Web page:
19 . II: e V a l u a t W a t e r S u p p l y S y S t e m S • V o l 2 h a p t e r I o n m e t h o d S C A supporting objective is to stimulate a more accurate and clearer perception of field practices in evaluating water systems. These practices and procedures need to be based on a fundamental understanding of basic hydraulics. Finally, there are a number of computer-based programs available for the design and evaluation of water pipe systems. One has to understand the fundamentals of water flow in pipe networks to assess whether the computer output is providing reasonably accurate results and to use the computer output to identify significant problems with a water system. Accomplishment of these objectives requires that operational definitions, concepts, and procedures associated with the science of fluid mechanics and hydraulic theory be related carefully to the subject area of water supply hydraulics. The topics presented below are not unduly difficult, and only a basic understand of algebra is needed to feel comfortable with the level of mathematics presented. Interpretations of the fundamental laws of fluid mechanics are placed in the context of familiar water supply applications so that the reader can quickly establish the relevance of the topics to practical water delivery system concerns. e f i n i t i o n s o p e r a t i o n a l D The following definitions provide meaning to terms used throughout the entire text. Other special terms applicable to specific topics will be defined in the subsequent subject matter. 1. Fluid mechanics is the term that defines the physical behavior of fluid systems and the physical laws that describe this behavior. (Reference #1, pg. 46) It has broad application in water system design and analysis, and encompasses the behavior of compressible and incompressible fluids, with the primary attention given to water as the fluid under consideration. Such fluids include plain water, water mixed with one or more additives to produce low-expansion foam for both Class A and Class B fires, high-expansion foam, aqueous-film-forming ® and clean-agent extinguishing fluids, and an array of synthetic foam (AFFF), carbon dioxide, Halon agents. However, this text material concentrates on municipal water systems and therefore water is the only fluid medium discussed in this text. 2. Liquids are fluids that have a definite volume independent of the shape of the container. (Reference #2, pg. 46) In conditions of constant temperature and pressure, a liquid will assume the shape of its container and fill a portion equal to the liquid in volume. In most conditions, liquids are considered noncompressible; that is, their volume does not change appreciably under pressure, or with change in temperature. A liquid exposed to atmospheric pressure has a free-standing surface, which means that it seeks its surface level, providing a constant surface datum plane or reference line for calculation. This applies to water storage in a gravity tank, standpipe tank, or other water-holding container. For practical reasons, when the liquid is water, calculations are performed using the of a assumption temperature of 70 °F (21 °C) unless there is a sound engineering reason to use a higher or lower temperature because of local climatic conditions. • • 14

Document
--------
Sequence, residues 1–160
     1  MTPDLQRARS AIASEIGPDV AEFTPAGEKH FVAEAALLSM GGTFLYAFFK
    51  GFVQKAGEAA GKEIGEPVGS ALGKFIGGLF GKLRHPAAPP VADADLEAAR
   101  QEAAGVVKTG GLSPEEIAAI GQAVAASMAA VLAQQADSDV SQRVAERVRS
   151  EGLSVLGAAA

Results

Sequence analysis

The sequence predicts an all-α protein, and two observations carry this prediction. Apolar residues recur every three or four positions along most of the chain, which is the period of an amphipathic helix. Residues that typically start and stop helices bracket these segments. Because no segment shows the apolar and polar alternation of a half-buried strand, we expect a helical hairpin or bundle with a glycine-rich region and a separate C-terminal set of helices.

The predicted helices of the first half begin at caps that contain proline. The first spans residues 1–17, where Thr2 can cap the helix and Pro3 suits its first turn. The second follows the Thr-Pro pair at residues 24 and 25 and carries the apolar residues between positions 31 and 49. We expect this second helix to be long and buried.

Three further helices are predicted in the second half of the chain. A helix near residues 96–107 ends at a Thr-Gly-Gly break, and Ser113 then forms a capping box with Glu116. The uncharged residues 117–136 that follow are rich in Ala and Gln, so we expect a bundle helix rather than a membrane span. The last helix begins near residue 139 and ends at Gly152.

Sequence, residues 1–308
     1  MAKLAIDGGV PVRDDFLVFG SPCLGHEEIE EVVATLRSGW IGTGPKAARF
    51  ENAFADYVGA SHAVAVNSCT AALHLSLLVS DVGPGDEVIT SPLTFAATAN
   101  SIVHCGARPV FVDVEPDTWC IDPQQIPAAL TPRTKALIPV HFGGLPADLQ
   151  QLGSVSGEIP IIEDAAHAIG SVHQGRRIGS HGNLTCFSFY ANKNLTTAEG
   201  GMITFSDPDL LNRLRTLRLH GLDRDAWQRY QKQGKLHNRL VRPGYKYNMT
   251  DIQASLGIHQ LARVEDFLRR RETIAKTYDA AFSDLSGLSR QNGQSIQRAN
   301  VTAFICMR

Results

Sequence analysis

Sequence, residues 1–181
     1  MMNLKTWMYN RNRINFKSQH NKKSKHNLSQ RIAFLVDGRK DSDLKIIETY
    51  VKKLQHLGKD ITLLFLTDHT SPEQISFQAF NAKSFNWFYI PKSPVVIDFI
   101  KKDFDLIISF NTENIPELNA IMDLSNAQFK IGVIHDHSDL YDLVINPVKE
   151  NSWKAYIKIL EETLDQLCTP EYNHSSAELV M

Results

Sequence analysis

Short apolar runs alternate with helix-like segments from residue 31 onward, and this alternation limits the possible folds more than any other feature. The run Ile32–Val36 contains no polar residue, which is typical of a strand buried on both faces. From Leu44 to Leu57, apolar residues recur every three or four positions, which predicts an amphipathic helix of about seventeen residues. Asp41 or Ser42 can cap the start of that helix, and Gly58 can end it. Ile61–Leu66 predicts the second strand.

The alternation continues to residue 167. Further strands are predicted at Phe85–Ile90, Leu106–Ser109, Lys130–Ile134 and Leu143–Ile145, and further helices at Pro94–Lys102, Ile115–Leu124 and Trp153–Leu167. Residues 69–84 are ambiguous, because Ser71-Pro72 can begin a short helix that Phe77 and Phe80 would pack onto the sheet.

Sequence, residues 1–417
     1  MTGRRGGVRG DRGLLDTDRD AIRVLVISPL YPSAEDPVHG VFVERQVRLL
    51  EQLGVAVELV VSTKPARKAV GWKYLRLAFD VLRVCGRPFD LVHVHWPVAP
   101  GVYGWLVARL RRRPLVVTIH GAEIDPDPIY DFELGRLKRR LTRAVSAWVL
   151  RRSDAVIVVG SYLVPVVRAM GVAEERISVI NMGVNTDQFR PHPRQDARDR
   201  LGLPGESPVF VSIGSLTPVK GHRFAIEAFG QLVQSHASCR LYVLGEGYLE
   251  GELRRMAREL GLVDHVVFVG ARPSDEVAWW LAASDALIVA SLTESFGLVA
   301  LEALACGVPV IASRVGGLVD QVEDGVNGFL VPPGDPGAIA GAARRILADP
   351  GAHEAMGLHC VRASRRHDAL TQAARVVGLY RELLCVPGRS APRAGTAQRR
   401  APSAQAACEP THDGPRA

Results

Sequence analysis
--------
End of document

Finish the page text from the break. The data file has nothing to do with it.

20 V a l u a t W S y S t e m S • V o l . II: e u p p l y I o n m e t h o d S C h a p t e r 2 S a t e r 3. Atmospheric pressure is created by the weight of the atmosphere on the earth. (Reference #3, pg. 46) Municipal water systems definitely are affected by atmospheric pressure in relationship to the elevation above sea level. Water contained in pressure tanks on some water systems is an exception. At sea level, atmospheric pressure is 14.7 psi, or 29.9 inches of mercury (Hg), commonly referred to as one atmosphere. Atmospheric pressure diminishes with elevation above sea level in accordance with the values depicted in Table 2-1. Table 2-1 Atmospheric Pressure and Elevation Elevation Above Sea Level Atmospheric Pressure Feet Psi Hg (in.) 0 14.7 29.9 29.9 1,000 14.2 28.9 2,000 13.7 27.9 13.2 3,000 4,000 12.7 25.8 5,000 12.2 24.8 24.0 6,000 11.8 7,000 23.0 11.3 22.2 8,000 10.9 9,000 10.5 21.4 10.1 20.6 10,000 4. Hydraulics: The science of hydraulics defines the differential in water head (feet) or the mechanical principles that contribute to placing water at rest or water in motion. (Reference #4, pg. 46) 5. Hydrostatics is the science of water at rest. (Reference #5, pg. 46) The scientific laws of hydrostatics defines the principles of water at rest. An excellent example of a hydrostatic condition on a water supply system is where a water storage tank is connected to a water supply pipe using a control valve to be opened on demand. The weight of the water in the storage tank causes pressure on the control valve. The calculation of the pressure on the tank side of the control valve is a hydrostatic problem. • • 15